Scientists: climate change is causing decline of specialised plant species
Climate change has impacted on upland plants and vegetation over the past half century, new evidence from north west Scotland has revealed.
Research funded by Scottish Natural Heritage (SNH) and the Natural Environment Research Council (NERC) has revealed for the first time the impacts of climate change on mountain landscapes.
The pioneering work was carried out by the University of Aberdeen and supported by the Hutton Institute and Bergen University, Norway.
Dr Louise Ross of the University of Aberdeen and colleagues reassessed study plots throughout north west Scotland last surveyed by pioneering botanists Donald McVean and Derek Ratcliffe 50 years ago
Species which increased the most prefer warmer, drier and more acidic conditions. Grasses increased at the expense of dwarf shrubs; flowering plants and lichens.
Scientists now warn that in some cases these changes may be irreversible, leading to permanent changes in our landscapes.
They found evidence of a widespread loss of variety in plant communities across whole mountain landscapes. This is directly causing a reduction in the distinct identity of parts of the Scottish Highlands.
The decline of plant diversity could mean mountain habitats are less able to cope with future environmental change: whether climate-related or pests and diseases.
Scientists found plant variety declined and previously distinct communities have merged into those dominated by more common and widespread plants.
By examining these plant communities in minute details the researchers found changes due to temperature, rainfall and acidification above and beyond grazing impacts.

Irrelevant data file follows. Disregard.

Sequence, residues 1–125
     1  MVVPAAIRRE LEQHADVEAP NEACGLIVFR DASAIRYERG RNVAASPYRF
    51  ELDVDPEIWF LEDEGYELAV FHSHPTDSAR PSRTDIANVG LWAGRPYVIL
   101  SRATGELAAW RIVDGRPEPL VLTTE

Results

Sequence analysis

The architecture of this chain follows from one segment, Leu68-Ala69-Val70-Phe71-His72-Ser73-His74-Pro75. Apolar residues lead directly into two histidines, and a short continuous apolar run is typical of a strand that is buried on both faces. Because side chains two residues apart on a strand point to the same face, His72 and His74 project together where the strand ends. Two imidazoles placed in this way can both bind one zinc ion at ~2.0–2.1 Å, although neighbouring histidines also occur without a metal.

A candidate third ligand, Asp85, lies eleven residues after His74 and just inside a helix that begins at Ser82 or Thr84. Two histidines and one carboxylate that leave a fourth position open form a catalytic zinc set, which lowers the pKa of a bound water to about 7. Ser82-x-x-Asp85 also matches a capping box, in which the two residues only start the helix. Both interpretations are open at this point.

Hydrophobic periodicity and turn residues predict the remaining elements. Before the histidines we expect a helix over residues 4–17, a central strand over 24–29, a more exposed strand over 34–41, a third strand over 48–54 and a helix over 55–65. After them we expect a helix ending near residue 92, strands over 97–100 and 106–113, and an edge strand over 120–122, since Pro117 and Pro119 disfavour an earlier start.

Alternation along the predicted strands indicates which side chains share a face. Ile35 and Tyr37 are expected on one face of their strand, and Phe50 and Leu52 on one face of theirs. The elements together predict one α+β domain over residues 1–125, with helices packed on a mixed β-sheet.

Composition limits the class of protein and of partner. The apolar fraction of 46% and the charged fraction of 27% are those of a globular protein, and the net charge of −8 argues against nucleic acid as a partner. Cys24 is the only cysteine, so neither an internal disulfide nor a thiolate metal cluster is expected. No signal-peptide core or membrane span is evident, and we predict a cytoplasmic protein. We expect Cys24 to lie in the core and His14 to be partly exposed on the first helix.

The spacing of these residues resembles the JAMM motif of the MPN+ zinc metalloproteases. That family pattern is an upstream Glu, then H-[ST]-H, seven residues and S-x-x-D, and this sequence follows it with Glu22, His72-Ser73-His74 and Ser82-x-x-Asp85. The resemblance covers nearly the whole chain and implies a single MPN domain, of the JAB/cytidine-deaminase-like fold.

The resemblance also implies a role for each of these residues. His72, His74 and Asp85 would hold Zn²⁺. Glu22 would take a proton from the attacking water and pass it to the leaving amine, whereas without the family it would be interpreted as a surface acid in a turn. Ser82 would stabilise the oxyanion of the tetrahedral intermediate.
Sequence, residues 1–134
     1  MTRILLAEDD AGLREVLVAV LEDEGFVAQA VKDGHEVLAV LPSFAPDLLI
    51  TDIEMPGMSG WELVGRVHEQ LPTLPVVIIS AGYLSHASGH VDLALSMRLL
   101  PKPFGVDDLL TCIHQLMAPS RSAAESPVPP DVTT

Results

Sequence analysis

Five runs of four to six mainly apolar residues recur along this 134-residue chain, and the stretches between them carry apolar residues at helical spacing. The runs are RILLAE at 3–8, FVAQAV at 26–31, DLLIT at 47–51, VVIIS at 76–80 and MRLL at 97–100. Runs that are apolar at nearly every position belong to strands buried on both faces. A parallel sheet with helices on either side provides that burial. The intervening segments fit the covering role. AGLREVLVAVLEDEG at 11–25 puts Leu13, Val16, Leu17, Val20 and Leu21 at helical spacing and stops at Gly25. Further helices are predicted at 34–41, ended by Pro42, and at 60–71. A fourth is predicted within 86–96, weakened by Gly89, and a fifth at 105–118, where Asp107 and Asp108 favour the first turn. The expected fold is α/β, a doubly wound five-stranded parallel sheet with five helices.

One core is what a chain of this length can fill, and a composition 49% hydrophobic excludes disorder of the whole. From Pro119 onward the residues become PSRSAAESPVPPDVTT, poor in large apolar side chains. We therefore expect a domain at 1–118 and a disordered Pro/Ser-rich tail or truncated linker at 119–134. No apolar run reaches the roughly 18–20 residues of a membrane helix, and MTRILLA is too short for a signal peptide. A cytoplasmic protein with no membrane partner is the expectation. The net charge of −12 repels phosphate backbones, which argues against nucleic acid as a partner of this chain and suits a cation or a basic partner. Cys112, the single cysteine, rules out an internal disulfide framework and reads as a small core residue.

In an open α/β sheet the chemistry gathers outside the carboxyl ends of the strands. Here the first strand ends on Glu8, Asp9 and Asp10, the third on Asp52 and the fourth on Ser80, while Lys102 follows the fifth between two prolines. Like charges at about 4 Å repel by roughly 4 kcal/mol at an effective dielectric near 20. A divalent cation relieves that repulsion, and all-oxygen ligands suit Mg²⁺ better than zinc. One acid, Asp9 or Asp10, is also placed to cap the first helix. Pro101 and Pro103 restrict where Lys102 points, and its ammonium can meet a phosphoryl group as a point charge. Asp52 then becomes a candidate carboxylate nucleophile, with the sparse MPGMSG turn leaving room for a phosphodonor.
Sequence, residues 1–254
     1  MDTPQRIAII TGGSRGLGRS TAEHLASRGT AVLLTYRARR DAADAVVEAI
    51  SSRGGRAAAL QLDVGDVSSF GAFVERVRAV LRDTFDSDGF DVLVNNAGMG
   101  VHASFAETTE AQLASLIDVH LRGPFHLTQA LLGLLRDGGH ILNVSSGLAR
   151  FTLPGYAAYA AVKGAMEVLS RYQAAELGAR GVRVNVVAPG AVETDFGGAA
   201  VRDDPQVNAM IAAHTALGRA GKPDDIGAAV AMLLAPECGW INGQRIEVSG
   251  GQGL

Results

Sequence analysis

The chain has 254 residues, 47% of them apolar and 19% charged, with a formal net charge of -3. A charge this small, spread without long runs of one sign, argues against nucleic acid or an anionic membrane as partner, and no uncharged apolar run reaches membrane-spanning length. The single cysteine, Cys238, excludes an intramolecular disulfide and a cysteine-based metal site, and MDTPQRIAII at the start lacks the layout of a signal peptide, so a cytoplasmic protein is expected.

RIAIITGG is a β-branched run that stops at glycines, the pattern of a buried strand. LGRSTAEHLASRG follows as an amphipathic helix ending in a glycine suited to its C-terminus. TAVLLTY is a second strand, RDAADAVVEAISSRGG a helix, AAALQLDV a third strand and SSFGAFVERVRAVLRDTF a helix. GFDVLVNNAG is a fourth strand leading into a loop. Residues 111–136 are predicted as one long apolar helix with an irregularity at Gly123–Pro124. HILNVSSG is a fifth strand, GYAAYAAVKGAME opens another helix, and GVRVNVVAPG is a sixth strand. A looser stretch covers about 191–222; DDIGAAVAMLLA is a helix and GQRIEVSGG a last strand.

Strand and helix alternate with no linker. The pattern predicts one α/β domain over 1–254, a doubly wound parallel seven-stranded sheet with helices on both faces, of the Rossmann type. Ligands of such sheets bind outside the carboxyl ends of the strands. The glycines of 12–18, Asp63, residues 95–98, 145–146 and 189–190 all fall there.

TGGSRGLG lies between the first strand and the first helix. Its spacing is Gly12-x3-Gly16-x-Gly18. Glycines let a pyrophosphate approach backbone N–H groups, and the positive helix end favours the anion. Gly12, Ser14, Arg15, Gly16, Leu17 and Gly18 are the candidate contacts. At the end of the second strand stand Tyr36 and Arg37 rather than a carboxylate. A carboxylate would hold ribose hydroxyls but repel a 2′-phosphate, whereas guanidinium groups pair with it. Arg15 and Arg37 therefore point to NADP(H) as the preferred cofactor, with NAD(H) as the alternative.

Commenting on the results, lead author Dr Louise Ross said: "It is striking that one consequence of climate change is the loss of the specialist species adapted to cool, wet conditions.
"We may see the disappearance of some specialist habitats in the far northwest of Scotland, where they are being replaced by more uniform grass-dominated vegetation. This homogenisation' effect is a worrying indication of the loss of plant diversity in the Scottish landscape."
Professor Des Thompson, principal advisor on biodiversity for Scottish Natural Heritage (SNH) stressed: "Climate change is affecting Scotland's mountain vegetation. We may be at an early stage in unfolding events as a result of greenhouse gas effects.
"It is extraordinary to think that we are now reaping the rewards of Donald McVean and Derek Ratcliffe's pioneering field work 50 years ago.
"Back in the late 1950s they endured harsh conditions as they recorded in great detail the composition and abundance of different plants and vegetation. Their work makes it plain we have to avoid the loss of unique elements of Scotland's nature.
"That means we also find ways to reduce other land pressures and improve habitat management where it is driving current declines. That means, for example, finding better and more sustainable ways to manage grazing pressures."
Professor John Birks, a specialist in upland vegetation at the University of Bergen, Norway, who collaborated in the work commented: "This research is pointing to the need for more work to plan for losses of vulnerable plant communities especially the northern heaths rich in liverworts that are confined in Europe to north west Scotland.
"We clearly need to have more specialist surveys such as that reported here in order to detect and predict changes. We have evidence of climate-related changes in the flora and vegetation in the mountains of Norway, but this study is an important first for the north west part of the UK."